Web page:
Despite rising unemployment, credit-card debt and thinning discretionary spending, American pet owners remain loyal customers of an industry that is enjoying consistent growth.
The pet-food industry is fueled by consumers who won’t back away from spending on food and necessities for their animals, though they’re likely to pare down the family vacation.
The strong spending comes amid price increases in nearly every pet-food category, the result of rising costs of fuel, ingredients and transportation for manufacturers.
Dogs and cats, though, still feel the pinch in other ways, owners said. Fewer treats, new toys or accessories such as collars and leashes, even fewer trips to the groomer are all part of the cost savings.
“We’ve cut back for us all,” said Kathy Schmidt of Lone Tree, whose miniature schnauzer, Archie, has had to wait longer between clippings.
Though the family has trimmed back, Archie still eats pretty well because “he needs to eat what he’s accustomed to,” Schmidt said.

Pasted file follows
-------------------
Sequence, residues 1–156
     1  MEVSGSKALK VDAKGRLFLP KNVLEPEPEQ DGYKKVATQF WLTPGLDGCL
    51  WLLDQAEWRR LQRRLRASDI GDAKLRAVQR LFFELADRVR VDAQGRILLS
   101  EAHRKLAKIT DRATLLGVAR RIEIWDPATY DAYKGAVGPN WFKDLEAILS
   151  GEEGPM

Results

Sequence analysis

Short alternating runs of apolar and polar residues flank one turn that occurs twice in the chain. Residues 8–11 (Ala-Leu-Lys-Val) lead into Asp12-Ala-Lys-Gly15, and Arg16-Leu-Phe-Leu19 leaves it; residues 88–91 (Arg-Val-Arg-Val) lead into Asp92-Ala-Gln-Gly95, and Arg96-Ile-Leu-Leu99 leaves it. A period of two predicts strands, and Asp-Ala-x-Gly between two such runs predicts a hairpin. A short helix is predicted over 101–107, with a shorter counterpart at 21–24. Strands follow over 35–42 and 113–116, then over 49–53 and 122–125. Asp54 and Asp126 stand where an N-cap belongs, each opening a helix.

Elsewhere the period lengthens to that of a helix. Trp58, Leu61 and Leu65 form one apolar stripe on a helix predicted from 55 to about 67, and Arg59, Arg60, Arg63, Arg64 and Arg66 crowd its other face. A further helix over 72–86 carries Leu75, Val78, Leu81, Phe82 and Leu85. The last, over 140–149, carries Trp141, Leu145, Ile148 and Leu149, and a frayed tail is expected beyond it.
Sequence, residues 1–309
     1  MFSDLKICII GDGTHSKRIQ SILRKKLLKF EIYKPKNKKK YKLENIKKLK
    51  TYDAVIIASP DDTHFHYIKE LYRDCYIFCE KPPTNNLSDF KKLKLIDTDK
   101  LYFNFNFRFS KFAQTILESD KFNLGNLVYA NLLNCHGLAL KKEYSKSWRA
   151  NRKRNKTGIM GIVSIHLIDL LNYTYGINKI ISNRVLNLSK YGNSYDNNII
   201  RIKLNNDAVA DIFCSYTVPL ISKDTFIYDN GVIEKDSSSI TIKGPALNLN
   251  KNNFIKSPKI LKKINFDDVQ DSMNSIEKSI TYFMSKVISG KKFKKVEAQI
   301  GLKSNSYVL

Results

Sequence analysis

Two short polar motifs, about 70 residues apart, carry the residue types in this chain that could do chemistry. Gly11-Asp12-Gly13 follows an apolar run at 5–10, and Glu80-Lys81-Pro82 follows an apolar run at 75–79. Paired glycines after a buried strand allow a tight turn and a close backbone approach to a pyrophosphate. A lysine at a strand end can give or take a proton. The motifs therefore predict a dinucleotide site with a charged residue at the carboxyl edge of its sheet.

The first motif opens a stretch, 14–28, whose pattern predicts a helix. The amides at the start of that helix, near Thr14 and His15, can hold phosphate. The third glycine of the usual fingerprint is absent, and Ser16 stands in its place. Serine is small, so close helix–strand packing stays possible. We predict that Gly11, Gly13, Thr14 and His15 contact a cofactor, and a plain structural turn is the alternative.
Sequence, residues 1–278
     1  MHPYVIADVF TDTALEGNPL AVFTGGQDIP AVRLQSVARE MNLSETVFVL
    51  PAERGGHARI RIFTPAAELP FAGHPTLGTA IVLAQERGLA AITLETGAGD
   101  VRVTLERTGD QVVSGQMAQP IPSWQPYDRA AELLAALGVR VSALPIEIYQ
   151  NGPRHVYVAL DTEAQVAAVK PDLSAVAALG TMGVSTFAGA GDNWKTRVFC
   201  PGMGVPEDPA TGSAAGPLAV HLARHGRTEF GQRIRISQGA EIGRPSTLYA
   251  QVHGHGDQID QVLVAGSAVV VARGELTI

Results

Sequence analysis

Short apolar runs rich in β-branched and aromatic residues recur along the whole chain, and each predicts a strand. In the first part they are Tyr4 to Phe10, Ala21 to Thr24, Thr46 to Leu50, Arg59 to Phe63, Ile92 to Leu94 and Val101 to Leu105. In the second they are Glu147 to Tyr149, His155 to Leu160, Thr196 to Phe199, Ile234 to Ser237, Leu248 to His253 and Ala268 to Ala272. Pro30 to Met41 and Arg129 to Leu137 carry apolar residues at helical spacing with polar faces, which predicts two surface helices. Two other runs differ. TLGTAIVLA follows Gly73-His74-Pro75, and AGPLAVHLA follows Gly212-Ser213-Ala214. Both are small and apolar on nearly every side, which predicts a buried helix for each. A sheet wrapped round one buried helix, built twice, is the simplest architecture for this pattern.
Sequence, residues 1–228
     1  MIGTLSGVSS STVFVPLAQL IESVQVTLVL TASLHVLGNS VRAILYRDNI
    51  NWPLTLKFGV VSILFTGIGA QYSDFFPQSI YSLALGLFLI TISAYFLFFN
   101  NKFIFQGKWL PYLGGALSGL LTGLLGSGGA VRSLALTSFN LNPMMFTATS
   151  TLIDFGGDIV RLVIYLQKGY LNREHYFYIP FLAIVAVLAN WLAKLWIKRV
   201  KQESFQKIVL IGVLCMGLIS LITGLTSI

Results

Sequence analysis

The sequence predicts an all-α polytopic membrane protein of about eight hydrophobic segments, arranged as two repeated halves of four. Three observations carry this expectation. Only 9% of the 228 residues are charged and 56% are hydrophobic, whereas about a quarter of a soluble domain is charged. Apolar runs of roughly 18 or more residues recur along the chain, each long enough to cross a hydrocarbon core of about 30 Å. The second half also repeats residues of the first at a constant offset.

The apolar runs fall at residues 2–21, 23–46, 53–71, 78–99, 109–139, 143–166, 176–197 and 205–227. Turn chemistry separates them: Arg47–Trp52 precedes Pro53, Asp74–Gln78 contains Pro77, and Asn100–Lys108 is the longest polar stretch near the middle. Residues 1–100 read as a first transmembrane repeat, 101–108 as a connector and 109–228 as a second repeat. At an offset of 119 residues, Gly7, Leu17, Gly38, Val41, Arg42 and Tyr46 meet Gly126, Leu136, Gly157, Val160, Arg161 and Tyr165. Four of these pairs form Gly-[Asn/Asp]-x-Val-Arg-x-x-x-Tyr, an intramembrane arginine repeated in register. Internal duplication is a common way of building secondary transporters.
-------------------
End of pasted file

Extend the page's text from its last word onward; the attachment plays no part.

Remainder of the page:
That’s one reason spending on pets remains robust, with total sales of all pet products topping $45 billion this year, a 5 percent increase, according to the American Pet Products Association. And retail sales of pet food are up 4.5 percent in 2009 at about $18 billion. Future pet-food sales are projected to top $21 billion by 2013.
It’s showing up at local stores, where boutique owners are enjoying growth as many of their counterparts catering solely to humans struggle.
“We’ve seen double-digit growth this year. The recession hasn’t really touched us,” said Deb Dempsey, owner of Mouthfuls in Denver’s Highland neighborhood. “We’re not selling tons of bedding and clothing, and treats and durable goods, the foofy stuff, has stayed down.”
Dedication to their pet’s health apparently has much to do with how owners spend.
“We have so many customers who say they’d eat macaroni and cheese before they’d cut back on their dogs,” she said.
The pet-food recalls of 2007 didn’t leave the industry unscathed but did reinforce owners’ focus on quality, not price.
“I’ll go to McDonald’s and eat lunch from the dollar menu, but a can of food isn’t something I want to skimp on,” money manager Pat Janssen said of his dog-food buying. “But there are fewer toys and chews in the bag these days.”
Prices are stabilizing, but consumers shouldn’t expect too big a drop any time soon. Much is because of long-term supply contracts producers locked into when prices were already high, analysts say.
“We’re trying to cut back, though we’re not real good at it,” Mark Niederhauser said of his two chow-chows and papillon during a recent trip to PetSmart near Park Meadows shopping center.
“I just can’t deny the dogs.”